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Venture Capital and the Financing of Innovation. Edition No. 1

  • ID: 5186150
  • Book
  • February 2020
  • 196 Pages
  • John Wiley and Sons Ltd

The funding of innovative projects that are fundamentally ambiguous often leads to situations where decision-making is difficult. However, decision-making can be improved by practices such as syndication and step-by-step funding. The dynamic of this industry requires us to consider the economic and institutional variables that make this system coherent in English-speaking countries, but conversely reduce it to a privileged niche by the leading authorities in Europe and France.

This book proposes two guiding ideas. The first idea presents innovation as a very uncertain process. This modifies the decision-making in the entrepreneurial ecosystem, with intervention upstream in regards to stronger foundations, evaluations and selection of projects. The second idea is that the actors hold onto partial knowledge in a context where their attention span is limited. These cognitive limitations need the formation of networks, and lead to mutual and complementary dependency relations.

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Acknowledgements vii

Introduction ix

Chapter 1. Venture Capital, Behavior and Performance of Stakeholders 1

1.1. The analytical framework 4

1.1.1. The contractual model and agency problems 4

1.1.2. The resource-dependent approach 9

1.2. From the theoretical framework to the empirical findings: observed behaviors 11

1.2.1. Methodological problems 11

1.2.2. The arbitrations made: the entrepreneurial risk 13

1.2.3. The change of the relationships over time 17

1.2.4. Behaviors of refusal 19

1.2.5. Risk aversion of venture capitalists 22

1.3. The contribution of venture capital to the performance of innovative companies 28

1.3.1. Innovation, growth and employment 29

1.3.2. Survival rates and entrepreneurial persistence 34

1.4. Conclusion 36

Chapter 2. The Sectoral Dynamics of Venture Capital 41

2.1. Orientation by sector 44

2.1.1. The orientation of venture capital by sector in the United States 46

2.1.2. The trajectory in Europe 48

2.1.3. The lessons learned 50

2.2. High-tech industries, a less stable group 55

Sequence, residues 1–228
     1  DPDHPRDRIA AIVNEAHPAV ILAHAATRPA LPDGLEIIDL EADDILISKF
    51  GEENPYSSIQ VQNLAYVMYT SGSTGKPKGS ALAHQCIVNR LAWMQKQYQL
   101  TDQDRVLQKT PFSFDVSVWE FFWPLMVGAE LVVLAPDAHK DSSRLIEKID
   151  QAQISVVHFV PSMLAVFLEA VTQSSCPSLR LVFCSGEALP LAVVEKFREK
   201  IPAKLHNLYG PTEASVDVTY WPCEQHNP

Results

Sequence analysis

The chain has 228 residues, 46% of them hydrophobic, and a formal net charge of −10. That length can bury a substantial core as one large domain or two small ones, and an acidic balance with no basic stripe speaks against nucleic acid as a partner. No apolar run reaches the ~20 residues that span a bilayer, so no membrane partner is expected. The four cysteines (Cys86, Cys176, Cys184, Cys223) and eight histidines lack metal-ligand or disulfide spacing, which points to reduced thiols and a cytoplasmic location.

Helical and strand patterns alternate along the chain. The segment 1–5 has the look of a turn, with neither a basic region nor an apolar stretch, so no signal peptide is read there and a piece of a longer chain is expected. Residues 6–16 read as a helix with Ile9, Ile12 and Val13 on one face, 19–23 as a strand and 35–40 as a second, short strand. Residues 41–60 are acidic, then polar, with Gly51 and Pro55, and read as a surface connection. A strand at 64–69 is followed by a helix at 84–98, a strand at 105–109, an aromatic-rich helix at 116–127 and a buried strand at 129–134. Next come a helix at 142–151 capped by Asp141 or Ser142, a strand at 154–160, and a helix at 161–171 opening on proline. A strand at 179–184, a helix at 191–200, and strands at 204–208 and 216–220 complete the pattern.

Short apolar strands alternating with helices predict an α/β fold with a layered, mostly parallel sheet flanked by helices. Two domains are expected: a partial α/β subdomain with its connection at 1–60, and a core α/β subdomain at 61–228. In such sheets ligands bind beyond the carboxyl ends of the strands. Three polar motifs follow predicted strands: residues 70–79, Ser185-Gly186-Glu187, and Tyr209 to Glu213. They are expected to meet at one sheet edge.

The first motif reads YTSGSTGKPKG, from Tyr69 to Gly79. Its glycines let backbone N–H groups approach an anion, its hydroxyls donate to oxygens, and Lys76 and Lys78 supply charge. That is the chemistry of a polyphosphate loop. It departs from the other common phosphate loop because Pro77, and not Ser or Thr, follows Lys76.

2.2.1. Knowledge base, high-tech sectors, and venture capital: the macroeconomic influence 56

2.2.2. The influence of advanced industries on the performance of the US economy 59

2.2.3. Business creation, growth thresholds, and the new technology sector 63

2.2.4. Elements of explanation 66

2.3. An econometric model for determining high-tech investment in Europe 74

2.3.1. The approach used: the analytical framework and assumptions made 75

2.3.2. The econometric model 78

2.3.3. Results and discussion 82

2.4. Conclusion 89

Chapter 3. The Three Structures for Interpreting Venture Capital: The Market, Industry and Institutions 91

3.1. An interpretation of venture capital in market terms 92

3.1.1. From market efficiency to wealth creation 93

3.1.2. Characteristics and functions of the market 96

3.1.3. The venture capital market 97

3.1.4. Why talk about a new market? 102

3.1.5. Risk management at market levels 104

3.2. An interpretation of venture capital in terms of industry 107

3.2.1. The spread of an industrial logic 107

3.2.2. The relative weight of venture capital investment in relation to GDP 112

3.3. The role of institutions in the dynamics of the venture capital industry 126

3.3.1. An econometric model for determining venture capital investment 127

3.3.2. Specific analysis of institutional factors 135

3.4. Conclusion 140

Conclusion 143

References 151

Index 161

Note: Product cover images may vary from those shown
Bernard Guilhon
Note: Product cover images may vary from those shown